Individuals with intellectual disabilities often struggle to obtain and secure employment, and Daymara Baker is on a mission to change that.
During her time in a senior position at a multinational corporation, Daymara loved mentoring others and helping them advance in their careers. This passion led her to help train former female inmates to re-enter the workforce.
She saw firsthand how getting a job drastically improved the lives of these women and their families. But, her focus changed when a mother of a child with autism came to her for help.
“She asked me if I would consider having her daughter train with me,” Daymara said. And, although she had little experience working with those with intellectual disabilities, she responded, “Why not? We will just use common sense and learn as we go.”
From there, she did extensive research and began to work with her newest trainee.
“She had a lot of challenges being a team member, but now she is at the point that she manages my register and communicates effectively with teammates.”
Through this work, Daymara discovered a desperate need in the community for training people with intellectual disabilities for the workforce. That is why she started using her non-profit business Rockin’ Baker Academy to make a difference.
Rockin’ Baker owner, Daymara Baker
“I am happy to say that here in my bakery, more than half of my workforce are individuals with intellectual disabilities,” Daymara said.
Hiring people with intellectual disabilities has proven beneficial to her business.
“Since I started training individuals with disabilities, I have learned that they are very determined and focused. They are very talented and smart, they just have a different way of showing it,” said Daymara.
Many employers often don’t give them a chance — they are loyal and hardworking when they are given an opportunity, she added.
The skills people gain at the bakery go far beyond just making delicious baked goods. Employees and volunteers at the bakery learn how to work in teams, support one another, be on time and develop other social skills necessary for finding and maintaining a job.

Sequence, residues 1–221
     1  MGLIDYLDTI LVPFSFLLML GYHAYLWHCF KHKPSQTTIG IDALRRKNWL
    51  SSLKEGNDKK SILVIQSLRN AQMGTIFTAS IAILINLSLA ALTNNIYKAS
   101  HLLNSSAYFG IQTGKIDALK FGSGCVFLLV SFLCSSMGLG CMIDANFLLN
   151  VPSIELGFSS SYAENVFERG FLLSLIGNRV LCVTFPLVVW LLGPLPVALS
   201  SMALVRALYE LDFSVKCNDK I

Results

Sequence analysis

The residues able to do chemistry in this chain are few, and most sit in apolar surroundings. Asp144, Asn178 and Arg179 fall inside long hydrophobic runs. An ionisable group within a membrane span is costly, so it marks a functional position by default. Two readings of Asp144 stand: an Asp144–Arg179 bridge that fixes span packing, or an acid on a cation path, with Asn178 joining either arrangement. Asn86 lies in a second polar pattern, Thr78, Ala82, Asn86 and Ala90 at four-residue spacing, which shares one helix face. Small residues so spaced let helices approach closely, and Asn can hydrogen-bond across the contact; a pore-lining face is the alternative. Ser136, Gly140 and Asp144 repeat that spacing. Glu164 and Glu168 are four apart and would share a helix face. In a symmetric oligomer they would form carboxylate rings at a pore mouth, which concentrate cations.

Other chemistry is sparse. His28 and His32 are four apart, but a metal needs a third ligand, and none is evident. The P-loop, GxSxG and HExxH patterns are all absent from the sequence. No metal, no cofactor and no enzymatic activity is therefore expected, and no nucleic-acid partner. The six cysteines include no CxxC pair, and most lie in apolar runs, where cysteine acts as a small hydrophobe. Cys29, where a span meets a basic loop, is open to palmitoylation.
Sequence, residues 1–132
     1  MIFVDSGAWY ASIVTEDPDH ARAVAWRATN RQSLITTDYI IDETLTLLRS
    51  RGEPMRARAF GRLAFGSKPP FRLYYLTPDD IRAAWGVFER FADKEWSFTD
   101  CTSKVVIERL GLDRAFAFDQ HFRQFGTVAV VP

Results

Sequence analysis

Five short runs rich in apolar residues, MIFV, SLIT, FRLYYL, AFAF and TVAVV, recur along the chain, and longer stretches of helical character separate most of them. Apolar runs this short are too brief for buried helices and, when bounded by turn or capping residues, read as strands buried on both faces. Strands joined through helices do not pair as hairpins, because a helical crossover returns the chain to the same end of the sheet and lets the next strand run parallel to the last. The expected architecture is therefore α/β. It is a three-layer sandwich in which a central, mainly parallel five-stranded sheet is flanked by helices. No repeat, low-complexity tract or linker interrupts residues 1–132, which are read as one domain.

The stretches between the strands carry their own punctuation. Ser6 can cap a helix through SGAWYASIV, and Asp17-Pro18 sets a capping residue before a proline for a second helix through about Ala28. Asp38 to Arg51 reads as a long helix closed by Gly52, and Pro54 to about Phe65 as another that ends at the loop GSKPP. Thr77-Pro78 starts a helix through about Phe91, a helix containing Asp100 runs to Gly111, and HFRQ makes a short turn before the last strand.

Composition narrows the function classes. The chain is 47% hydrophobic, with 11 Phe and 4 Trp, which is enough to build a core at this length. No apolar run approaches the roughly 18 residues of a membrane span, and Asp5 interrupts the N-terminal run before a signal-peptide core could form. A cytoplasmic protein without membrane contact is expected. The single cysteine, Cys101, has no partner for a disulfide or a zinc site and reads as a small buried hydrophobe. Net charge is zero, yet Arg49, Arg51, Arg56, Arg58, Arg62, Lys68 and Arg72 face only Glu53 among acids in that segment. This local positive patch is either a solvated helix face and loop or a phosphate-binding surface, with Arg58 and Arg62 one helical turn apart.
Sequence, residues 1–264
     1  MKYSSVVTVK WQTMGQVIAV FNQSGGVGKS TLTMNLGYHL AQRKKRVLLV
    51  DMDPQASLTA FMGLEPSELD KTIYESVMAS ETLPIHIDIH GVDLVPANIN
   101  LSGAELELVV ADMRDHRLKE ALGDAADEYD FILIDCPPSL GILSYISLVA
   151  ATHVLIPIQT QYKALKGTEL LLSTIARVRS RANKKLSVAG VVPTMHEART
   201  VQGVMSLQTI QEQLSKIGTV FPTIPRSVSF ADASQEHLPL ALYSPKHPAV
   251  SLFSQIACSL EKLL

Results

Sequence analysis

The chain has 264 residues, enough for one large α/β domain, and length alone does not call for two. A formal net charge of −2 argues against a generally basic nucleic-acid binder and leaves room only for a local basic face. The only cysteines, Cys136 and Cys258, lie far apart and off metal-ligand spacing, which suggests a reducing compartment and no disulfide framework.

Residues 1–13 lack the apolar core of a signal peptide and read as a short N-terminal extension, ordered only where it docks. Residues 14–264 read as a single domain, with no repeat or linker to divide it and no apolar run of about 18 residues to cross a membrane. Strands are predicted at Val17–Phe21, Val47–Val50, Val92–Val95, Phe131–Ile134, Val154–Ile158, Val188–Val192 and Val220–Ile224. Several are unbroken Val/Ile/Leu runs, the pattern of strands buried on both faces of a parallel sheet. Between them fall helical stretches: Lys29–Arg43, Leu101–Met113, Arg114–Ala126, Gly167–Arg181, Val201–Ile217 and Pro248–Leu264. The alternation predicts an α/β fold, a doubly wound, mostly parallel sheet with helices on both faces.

In less than three years, Rockin’ Baker Academy has trained more than 28 people for the workforce. The valuable training positively affected the individuals, their families and the community. Now, Daymara is trying to bring awareness to other companies about hiring those with intellectual disabilities.
“I encourage hiring managers to change their mindset so that they begin to think beyond the traits you expect of neuro-typical people to see the talents of individuals with disabilities,” she said. Daymara educates managers on behaviors that are typically expected in interviews that people with disabilities may have difficulty doing, such as maintaining eye-contact.
She also emphasized that hiring is only the first step in creating an inclusive workplace.
“There also has to be some training within the organizations so team members know how to work with individuals with disabilities. Without the proper training within an organization, there is not an inclusive environment.”
Some companies acknowledged last month as National Disability Employment Awareness Month, but that is not enough, according to Daymara.
“This should not be limited to 31 days. Inclusion should be the mindset for every corporation 365 days a year,” she said.
Daymara says the biggest challenge of running her organization is funding it.
“We face the challenge of being a nonprofit. The costs for providing this training is larger than the revenue we generate from our sales,” she said.
The community can support Rockin’ Baker by donating, buying their baked goods or eating at restaurants that carry their products.
Visit Rockin’ Baker Academy’s website at www.rockinbakeracademy.org to learn more.